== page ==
Alex Kean (2023, Woodstock, Ontario) is a recent commit to Morehead State and seriously looks like a steal, having grown into his 6-4/220 frame and possessing some of the more impactful left-handed pop in the province right now. He’s strong and physical with a lot of lift to his swing, and while he’s still refining the consistency of his timer, he took consistently competitive at-bats and the strength stands way out. He doubled in his first at-bat and picked up 2 RBI in the process, and moves pretty well for a guy his size as well. The left-handed power is the draw here, and he was absolutely losing balls in BP. The game swings are still merging with the BP swings at this point in time, but it’s coming, and it’s going to be even more explosive as he continues to mature as a hitter. He’s fun to watch.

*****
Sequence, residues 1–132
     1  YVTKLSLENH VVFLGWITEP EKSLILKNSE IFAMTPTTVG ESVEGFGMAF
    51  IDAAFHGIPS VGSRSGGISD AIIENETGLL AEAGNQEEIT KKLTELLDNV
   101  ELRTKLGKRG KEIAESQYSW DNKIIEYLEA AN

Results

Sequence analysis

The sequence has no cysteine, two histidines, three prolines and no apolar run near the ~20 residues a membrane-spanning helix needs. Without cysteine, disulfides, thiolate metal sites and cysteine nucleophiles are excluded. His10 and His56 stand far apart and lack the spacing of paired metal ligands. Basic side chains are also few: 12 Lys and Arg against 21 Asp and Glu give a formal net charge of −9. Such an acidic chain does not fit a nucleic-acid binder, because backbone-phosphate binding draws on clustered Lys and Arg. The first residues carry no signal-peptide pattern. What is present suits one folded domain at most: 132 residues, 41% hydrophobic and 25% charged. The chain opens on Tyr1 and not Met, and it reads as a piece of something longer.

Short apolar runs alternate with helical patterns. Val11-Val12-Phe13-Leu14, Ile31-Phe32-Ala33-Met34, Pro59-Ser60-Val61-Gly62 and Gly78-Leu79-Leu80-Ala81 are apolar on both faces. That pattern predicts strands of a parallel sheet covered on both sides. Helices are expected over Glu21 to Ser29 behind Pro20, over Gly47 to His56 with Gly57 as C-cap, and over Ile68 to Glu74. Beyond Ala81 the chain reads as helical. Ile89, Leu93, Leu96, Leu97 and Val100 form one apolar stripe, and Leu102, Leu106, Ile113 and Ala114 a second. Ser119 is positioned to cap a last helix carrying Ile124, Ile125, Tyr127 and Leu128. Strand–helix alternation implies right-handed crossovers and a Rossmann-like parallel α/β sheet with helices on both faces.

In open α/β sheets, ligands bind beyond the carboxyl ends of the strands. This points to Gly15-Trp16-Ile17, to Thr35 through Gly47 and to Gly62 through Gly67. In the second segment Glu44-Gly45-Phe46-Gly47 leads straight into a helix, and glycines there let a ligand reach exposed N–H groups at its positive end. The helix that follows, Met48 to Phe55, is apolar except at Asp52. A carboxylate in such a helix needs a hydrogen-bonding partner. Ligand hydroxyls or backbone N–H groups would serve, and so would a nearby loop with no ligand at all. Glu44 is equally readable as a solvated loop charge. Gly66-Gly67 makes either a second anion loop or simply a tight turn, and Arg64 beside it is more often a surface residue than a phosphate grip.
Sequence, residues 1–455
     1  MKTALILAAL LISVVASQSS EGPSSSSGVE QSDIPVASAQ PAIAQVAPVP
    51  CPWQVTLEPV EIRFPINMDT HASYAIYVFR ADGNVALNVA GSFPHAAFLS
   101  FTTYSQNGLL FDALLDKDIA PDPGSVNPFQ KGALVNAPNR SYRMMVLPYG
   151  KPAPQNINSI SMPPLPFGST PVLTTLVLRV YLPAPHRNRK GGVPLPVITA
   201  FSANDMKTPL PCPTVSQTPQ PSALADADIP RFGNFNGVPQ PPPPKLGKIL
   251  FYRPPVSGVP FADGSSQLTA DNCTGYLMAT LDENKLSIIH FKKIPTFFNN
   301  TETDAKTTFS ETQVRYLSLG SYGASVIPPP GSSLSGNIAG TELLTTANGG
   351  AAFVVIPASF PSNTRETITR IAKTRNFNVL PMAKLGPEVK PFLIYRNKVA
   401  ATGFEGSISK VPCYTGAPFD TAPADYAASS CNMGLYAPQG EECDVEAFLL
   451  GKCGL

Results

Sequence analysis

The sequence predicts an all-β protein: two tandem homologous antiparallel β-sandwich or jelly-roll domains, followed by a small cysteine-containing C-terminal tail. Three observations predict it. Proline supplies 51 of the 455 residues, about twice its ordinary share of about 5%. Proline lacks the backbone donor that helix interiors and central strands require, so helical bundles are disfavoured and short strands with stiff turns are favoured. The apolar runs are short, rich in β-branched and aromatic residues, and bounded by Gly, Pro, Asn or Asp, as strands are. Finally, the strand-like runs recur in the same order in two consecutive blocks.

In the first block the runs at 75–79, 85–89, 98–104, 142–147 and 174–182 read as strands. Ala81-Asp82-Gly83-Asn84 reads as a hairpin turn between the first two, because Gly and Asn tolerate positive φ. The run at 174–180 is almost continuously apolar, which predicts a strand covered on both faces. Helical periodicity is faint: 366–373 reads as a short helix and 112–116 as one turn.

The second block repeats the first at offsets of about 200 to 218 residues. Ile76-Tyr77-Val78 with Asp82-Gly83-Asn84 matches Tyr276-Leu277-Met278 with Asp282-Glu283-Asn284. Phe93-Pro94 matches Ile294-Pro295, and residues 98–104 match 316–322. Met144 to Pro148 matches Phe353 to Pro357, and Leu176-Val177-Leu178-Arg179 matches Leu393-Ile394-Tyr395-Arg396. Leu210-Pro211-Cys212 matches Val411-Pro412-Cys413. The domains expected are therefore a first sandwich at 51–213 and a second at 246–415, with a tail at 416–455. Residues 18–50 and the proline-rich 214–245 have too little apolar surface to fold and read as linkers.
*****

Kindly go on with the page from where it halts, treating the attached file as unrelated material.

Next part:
Other guys who stood out overall include Nate King (2023, Lindsay, Ontario), who moved well behind the plate and popped a 2.00 in game to nail a runner as well as lifted a triple to dead center field that was well struck; Connor Gaitens (2023, Great Lake Canadians), a physical right-handed hitting catcher who took one of the louder BP rounds of the day before the game, showing huge power to the pull-side; Camden Sanders (2023, London, Ontario), who has big projection on a still-wiry frame with notable present pull-side pop already and who walked a couple times and killed an L5 in game; and Lucas Alberti (2023, Toronto, Ontario), who has good hitting tools with a clean stroke, consistent contact ability, and more strength than his frame might indicate, who took both a good BP round and had consistently quality at-bats in game.